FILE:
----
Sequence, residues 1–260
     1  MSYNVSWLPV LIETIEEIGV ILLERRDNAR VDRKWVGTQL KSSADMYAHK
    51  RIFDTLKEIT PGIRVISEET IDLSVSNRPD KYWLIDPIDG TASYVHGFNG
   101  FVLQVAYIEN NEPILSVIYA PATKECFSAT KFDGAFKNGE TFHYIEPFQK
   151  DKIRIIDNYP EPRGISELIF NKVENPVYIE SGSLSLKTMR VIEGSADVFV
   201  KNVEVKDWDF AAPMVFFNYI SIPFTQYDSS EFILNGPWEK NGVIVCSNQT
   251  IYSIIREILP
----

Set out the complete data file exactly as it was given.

Sequence, residues 1–260
     1  MSYNVSWLPV LIETIEEIGV ILLERRDNAR VDRKWVGTQL KSSADMYAHK
    51  RIFDTLKEIT PGIRVISEET IDLSVSNRPD KYWLIDPIDG TASYVHGFNG
   101  FVLQVAYIEN NEPILSVIYA PATKECFSAT KFDGAFKNGE TFHYIEPFQK
   151  DKIRIIDNYP EPRGISELIF NKVENPVYIE SGSLSLKTMR VIEGSADVFV
   201  KNVEVKDWDF AAPMVFFNYI SIPFTQYDSS EFILNGPWEK NGVIVCSNQT
   251  IYSIIREILP